Providing live food to little terrestrial metamorphs

JM29

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Some species of salamander metamorphose at a small size. As such, it is sometimes difficult to provide small live prey with regularity and diversity that is appropriate.

After attempting to feed young Cynops ensicauda popei with springtails and fruit flies, I decided to try another method. For six weeks, I've been raising young newts on a substrate made by compost from my garden, rich in all kinds of small animals. I monitor my newts and I change the substrate when I notice their stomach is less plump. I've added no other food at the moment.

They are very dynamic and they grow well. Will come a time when this scheme will not be enough and I can go to earthworms.

This method could help ensure the first weeks after the metamorphosis for small species like Hypselotriton orientalis or Notophtalmus viridescens.
 

JM29

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I admit it's not very esthetic : egg shell, tomato skins and other pieces of vegetables, germinating tomato seedlings...
But one can also notice woodlice. The biggest woodlice are not eaten, of course.

Notice one of the newtlets has a weird clear colour.
 

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Chinadog

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It will be interesting to see how the weird coloured baby turns out, I recently saw a picture of a bright red C. e popei, a bit like the rare all red C. pyrrhogaster that sometimes occur, but with the popei gold/green splodges. I wonder if that's what you have there?
 

JM29

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Hello Chinadog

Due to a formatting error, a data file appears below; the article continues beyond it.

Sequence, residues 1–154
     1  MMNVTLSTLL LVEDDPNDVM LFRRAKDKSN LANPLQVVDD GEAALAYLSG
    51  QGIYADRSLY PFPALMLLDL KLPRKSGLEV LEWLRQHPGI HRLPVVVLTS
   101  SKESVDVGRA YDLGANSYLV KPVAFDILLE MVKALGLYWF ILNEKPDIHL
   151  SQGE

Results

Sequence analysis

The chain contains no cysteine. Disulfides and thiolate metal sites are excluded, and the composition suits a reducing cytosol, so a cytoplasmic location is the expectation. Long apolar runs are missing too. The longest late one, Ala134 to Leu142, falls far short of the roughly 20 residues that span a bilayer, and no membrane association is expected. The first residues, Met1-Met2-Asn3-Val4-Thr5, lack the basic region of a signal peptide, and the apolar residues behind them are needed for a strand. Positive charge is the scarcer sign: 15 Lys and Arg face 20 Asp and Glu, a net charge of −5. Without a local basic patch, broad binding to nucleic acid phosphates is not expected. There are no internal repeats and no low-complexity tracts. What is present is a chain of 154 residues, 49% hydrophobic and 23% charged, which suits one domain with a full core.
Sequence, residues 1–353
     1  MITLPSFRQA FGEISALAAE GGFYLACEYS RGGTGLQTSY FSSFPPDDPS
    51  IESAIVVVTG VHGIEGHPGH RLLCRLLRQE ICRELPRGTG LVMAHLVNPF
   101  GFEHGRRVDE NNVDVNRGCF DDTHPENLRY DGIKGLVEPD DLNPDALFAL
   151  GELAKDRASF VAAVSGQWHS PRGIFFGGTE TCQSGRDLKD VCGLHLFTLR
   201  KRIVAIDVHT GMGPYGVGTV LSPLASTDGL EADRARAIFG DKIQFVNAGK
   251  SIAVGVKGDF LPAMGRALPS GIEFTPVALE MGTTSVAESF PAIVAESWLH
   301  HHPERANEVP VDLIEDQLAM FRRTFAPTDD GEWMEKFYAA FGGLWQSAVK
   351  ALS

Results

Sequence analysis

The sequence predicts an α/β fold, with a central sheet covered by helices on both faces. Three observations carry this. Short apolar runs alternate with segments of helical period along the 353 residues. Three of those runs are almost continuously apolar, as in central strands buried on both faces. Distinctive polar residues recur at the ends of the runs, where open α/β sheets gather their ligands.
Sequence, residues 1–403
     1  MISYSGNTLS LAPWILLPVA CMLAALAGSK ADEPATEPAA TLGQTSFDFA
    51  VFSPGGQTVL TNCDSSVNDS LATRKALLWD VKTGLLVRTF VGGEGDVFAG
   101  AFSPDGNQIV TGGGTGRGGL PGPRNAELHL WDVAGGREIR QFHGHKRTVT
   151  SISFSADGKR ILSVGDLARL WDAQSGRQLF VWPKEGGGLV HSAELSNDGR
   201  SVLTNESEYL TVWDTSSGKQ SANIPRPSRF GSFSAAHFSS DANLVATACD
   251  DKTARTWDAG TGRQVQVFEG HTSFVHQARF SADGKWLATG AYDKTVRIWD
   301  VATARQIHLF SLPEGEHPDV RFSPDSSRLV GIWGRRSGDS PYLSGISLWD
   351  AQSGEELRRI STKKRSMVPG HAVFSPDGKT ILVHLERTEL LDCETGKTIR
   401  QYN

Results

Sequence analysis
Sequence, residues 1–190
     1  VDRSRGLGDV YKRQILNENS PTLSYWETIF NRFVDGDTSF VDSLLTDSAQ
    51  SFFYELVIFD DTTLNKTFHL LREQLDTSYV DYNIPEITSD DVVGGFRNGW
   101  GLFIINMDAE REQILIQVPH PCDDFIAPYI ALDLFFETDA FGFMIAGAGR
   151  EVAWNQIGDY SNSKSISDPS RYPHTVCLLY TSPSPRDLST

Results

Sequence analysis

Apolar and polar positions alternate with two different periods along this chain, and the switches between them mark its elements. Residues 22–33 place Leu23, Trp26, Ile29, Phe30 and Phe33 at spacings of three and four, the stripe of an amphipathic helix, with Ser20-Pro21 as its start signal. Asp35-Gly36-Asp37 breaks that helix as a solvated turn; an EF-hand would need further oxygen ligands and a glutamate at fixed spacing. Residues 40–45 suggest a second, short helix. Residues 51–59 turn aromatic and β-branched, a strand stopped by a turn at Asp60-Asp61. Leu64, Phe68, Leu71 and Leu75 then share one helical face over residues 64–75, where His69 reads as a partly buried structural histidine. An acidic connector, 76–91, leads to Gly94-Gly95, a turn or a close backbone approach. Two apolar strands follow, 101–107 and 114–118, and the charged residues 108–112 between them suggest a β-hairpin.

I'll give news from time to time.
At the moment, there is not much change.

Since I don't want to disturb them too much, I watch them each other day, in the evening when they are more active.
2 days ago, I noticed their belly was not as plump as usual, so I changed the substrate. Now they are fine again.

I take mainly the superficial layer of my compost, which is coarse, not wery wet and rich in arthropods.
 

juraj

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Interesting. I tried this method a few years ago but I failed. PH too low maybe ?
 

otolith

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I have used this method for raising lissotriton and notophtalmus. It works quite well for small, recently morphed animals that are fickle eaters. Once they get to a larger, more robust size I switch to small isopods, earthworms & slugs from my garden and pinhead crickets. I have found that really small morphs do best when they can forage for their own tiny prey items in a more naturalist set up.
 

Niels D

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I've used this method for Notophthalmus, Lissotriton and Paramesotriton. It didn't work for Paramesotriton, though I don't know if the method itself was the problem. Love these kinds of methods!
 

JM29

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Update :

They are still doing fine, and also very dynamic.
They also seem to have eaten ants (Lasius niger).
 

Thiago

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I noticed a lot of "life" in organic matter that covers my earthworm box.
I really had thought of using them with small amphibians.

It is good to know that you are using with success!
 
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    And even .25 ammonia is bad what you want for nitrite and ammonia is 0 and .25 for short periods
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    @DarthNyQuil, what's your ph? Ammonia is non-toxic at lower ph so might not need to panic, however if you have hard water (think calcium deposits in a tea kettle), you likely have a high pH and thus should be maintaining 0. Either way, use seachem prime to dechlorinate your water and get the added benefit of making ammonia and nitrite non-toxic for 24 hours, the peace of mind is worth it.
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